*Important Notice

medRxiv publishes preliminary scientific reports that are not peer-reviewed and, therefore, should not be regarded as conclusive, guide clinical practice/health-related behavior, or treated as established information.

Journal reference:


Jackson S, et al. Moderators of changes in smoking, drinking, and quitting behaviour associated with the first Covid-19 lockdown in England. medRxiv, 2021. doi: https://doi.org/10.1101/2021.02.15.21251766, https://www.medrxiv.org/content/10.1101 ... 21251766v1
trader32176
Posts: 1779
Joined: Fri Jun 26, 2020 5:22 am

Re: Drinking & Smoking During Lockdown

Post by trader32176 »

New paper discusses how smoking may affect risk for COVID-19

3/1/21


https://www.news-medical.net/news/20210 ... ID-19.aspx


A new paper published online in the Annals of the American Thoracic Society discusses how smoking may affect risk for COVID-19 and the types of research that are needed to better understand the link between smoking and COVID-19 risk.

In "Smoking and COVID-19: The Real Deal," Enid Neptune, MD, and Michelle N. Eakin, PhD, of the Division of Pulmonary and Critical Care Medicine, Johns Hopkins University, discuss research to date on this topic and propose areas of research that can help clarify this relationship.

Studies have shown that current smokers with COVID-19 have twice the risk of dying in the hospital as nonsmokers. However, the data on whether tobacco use increases the risk of SARS-CoV-2 infection is mixed.

" The relationship between smoking and COVID-19 is complex, and much of the research to date has been inconclusive or contradictory. To resolve this issue, rigorous study design is needed. This research should accurately confirm smoking exposure, with readouts that distinguish infection from sickness and provide an objective assessment of confounding factors."

- Dr. Enid Neptune, Division of Pulmonary and Critical Care Medicine, Johns Hopkins University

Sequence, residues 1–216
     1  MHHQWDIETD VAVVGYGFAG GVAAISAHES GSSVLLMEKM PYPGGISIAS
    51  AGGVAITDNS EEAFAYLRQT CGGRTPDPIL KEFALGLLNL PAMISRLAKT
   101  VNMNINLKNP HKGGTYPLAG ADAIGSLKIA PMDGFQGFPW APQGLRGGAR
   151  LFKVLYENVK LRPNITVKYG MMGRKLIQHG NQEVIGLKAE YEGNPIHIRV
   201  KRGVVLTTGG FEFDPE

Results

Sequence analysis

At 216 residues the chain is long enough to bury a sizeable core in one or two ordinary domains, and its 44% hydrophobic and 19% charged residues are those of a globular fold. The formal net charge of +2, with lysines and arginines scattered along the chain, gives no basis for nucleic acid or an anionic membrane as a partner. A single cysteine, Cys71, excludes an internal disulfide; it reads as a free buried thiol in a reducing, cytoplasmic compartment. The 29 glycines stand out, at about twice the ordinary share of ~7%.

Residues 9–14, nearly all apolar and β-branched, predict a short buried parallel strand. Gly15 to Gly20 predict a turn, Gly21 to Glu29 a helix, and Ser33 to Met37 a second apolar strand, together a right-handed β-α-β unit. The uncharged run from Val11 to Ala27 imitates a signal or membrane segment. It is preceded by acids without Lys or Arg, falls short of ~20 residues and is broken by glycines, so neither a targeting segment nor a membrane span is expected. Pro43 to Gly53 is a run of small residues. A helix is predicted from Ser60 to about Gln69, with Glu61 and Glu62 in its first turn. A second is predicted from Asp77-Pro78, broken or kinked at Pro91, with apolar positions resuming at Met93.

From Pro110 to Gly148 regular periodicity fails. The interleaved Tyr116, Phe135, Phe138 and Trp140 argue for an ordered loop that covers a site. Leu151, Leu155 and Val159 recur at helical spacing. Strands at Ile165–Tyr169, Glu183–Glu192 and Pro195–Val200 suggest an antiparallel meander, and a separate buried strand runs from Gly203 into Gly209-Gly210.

Dr. Neptune adds that a significant amount of research has focused on whether smoking has an effect on lung ACE2, a protein that provides an entry point for SARS-CoV-2 (the virus that causes COVID-19) to attach itself to cells inside the airways and airspace of the lungs. "The use of ACE2 expression as a quantifiable index of SARS-CoV-2 infectivity and morbidity is highly problematic," she said. "A strenuous exploration of how and whether tobacco smoke and nicotine affect SARS-CoV-2 infectivity or viral load (amount of virus) is needed to provide context to the ACE2 expression data."

According to Drs. Neptune and Eakin, the following topics should also be addressed in future research:

Airway/Airspace Injury (Direct Toxic Effects). It will be especially important to describe the effects of tobacco smoke on nasal tissue (epithelium), as the nose is the primary entry point for SARS-CoV-2 and little research has been done on smoke's effects on this part of the anatomy. The researchers believe advanced preclinical and in vitro ("in the laboratory") models of smoking plus SARS-CoV-2 infection will provide the most reliable answers to this question.

Inflammation Profile That Supports Viral Pathogenesis. Another important research question is whether smoking compromises the body's inflammatory response to viruses or contributes to an inability to regulate these responses. Researchers have previously shown that smoking affects the body's ability to respond to many respiratory viruses; we need to know more about whether this holds true for SARS-CoV-2.

Disturbances in RAS Signaling. Renin Angiotensin Signaling (RAS) proteins control intracellular signaling pathways that impact lung health. There is some evidence that disruption of conventional RAS signaling protects against lung injury from cigarette smoking in chronic obstructive pulmonary disease (COPD), which is associated with improved COPD outcomes, but we do not know whether this also holds true for COVID-19. Measurements of the activity of RAS processing enzymes and the proteins produced by this activity in smoking and non-smoking COVID patients would provide some guidance for pilot therapeutic studies.

Nicotine Signaling and SARS-CoV-2 Infection. Some research has shown that nicotine exposure and nicotine signaling (within the brain) may reduce SARS-CoV-2 infection and illness. The effects of nicotine should be studied, in addition to studying smoking, since nicotine-delivering e-cigarettes are now so widely used. This research should be done very cautiously, because nicotine dependence has major public health consequences.

"There are several other areas of smoking-COVID research that might be explored, beyond those discussed in our paper," Dr. Neptune said. These include:

Whether the stress of life during the pandemic has led to increased use of tobacco for self-medication;

If hospitalization for COVID-19 helps smokers quit;

Whether altered taste and smell due to COVID-19 reduce the desire to smoke.